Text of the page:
The many Shenanigans of Locke

lynchlamoraLynch, S. (2006). The Lies of Locke Lamora (Gentleman Bastards, Book 1) [Kindle Edition]. New York: Bantam Dell

I picked this novel up in December, in anticipation of my book club for last week. Reading such a long book is usually not my first choice, but I figured I would give it a shot with having two months and several plane rides to have to pass the time. I have a mixed analysis of the book.

The book was both beautifully descriptive, but also overly indulgent in description at times. For example, one of my favorite lines was “respectable citizen stood out like serpents in a nursery and were quickly escorted out the door by mean-looking, think-armed men with very small imaginations” (Lynch, 2006, P.130). The vivid imagery given is marvelous. But, as one of the fellow book club readers pointed out, and I quote “did he (the author), really have to spend 10 pages describing the canals?” I had a similar complaint, in that I wondered if this book could be at least 100 pages less.

The fictional city of Camorr has quite a bit of brutality described. For sport, spectators watch brave young women pit their lives against sharks that have been taunted to attack. Prisoners are tortured by being carried in open cages that whisk quickly through open air and the elements.  All of this while it gives is a touch of Game of Thrones like excitement, is not the best to bestow on my subconscious before a restful night of sleep.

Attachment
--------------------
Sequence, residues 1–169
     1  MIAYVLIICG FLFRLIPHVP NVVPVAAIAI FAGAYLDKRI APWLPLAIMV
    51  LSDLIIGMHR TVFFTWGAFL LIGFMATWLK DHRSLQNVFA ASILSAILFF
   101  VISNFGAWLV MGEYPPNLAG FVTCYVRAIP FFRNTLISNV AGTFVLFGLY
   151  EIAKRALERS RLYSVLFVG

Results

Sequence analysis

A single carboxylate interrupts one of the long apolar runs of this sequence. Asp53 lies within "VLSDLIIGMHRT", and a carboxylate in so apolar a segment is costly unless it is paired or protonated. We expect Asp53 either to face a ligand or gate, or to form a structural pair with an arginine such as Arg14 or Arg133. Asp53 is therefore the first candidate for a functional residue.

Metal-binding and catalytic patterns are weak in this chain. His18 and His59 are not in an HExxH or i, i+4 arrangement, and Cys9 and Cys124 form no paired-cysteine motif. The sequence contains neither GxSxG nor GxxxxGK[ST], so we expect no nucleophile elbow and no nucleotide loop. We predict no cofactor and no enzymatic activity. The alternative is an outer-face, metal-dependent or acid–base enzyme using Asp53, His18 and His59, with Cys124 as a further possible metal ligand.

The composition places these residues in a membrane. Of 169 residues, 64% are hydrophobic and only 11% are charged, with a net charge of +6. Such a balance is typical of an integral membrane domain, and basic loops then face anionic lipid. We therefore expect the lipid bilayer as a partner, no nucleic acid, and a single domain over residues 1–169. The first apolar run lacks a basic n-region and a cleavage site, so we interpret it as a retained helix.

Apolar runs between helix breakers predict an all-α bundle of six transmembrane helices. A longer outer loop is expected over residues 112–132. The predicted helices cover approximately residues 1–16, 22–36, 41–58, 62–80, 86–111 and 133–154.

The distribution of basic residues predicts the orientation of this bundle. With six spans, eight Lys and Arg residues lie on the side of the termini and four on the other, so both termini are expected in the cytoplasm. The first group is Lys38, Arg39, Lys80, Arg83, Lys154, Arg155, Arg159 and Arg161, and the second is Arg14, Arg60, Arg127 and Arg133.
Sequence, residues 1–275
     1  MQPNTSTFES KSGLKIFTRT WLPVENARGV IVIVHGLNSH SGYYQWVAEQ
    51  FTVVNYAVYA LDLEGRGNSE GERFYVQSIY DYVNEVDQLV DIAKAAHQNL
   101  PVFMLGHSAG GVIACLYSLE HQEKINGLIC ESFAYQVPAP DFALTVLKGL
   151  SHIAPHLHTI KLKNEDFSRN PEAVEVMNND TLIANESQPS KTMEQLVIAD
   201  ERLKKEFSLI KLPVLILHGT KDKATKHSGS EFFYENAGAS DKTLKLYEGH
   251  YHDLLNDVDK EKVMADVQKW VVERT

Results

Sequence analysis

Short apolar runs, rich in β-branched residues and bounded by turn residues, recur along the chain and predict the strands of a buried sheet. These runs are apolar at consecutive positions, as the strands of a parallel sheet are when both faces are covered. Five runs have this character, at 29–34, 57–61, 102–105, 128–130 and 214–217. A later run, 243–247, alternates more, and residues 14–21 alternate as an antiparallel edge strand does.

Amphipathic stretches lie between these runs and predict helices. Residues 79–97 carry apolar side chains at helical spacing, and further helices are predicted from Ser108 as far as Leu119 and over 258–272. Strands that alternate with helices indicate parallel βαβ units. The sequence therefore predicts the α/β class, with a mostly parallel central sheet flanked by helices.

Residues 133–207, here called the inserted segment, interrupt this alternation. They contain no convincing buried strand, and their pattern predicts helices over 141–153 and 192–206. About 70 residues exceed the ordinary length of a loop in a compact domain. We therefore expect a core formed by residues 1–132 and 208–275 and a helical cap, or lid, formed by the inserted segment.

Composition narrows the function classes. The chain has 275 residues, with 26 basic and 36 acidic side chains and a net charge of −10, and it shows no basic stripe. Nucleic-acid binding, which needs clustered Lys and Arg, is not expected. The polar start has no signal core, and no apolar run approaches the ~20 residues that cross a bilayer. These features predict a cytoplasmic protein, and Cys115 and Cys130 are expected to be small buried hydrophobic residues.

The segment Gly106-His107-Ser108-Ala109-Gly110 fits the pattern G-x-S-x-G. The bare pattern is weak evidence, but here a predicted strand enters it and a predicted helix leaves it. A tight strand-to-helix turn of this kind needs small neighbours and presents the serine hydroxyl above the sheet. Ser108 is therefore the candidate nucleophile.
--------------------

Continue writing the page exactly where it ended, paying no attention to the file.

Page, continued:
I did like the interludes provided in the book, to provide flashbacks to the past. Only in the beginning were they confusing. Later, their purpose served to foreshadow or better understand the dynamics of the present. One flashback I particularly liked was the one where Locke (lead protagonist) took a beating, only as a means to stop his attacker from repeating his aggression. His fellow Gentleman’s Bastard, Jean, came to the rescue in this instance and several other critical times later in the book.

There are several more novels in this series, where I could read about the adventures of Locke and Jean. I assume there would be many more stories of their clever adventures as con artists that would bring me amusement. But, I will not continue in the series. The level of amusement to be had from reading about their shenanigans is not enough to pursue reading further.



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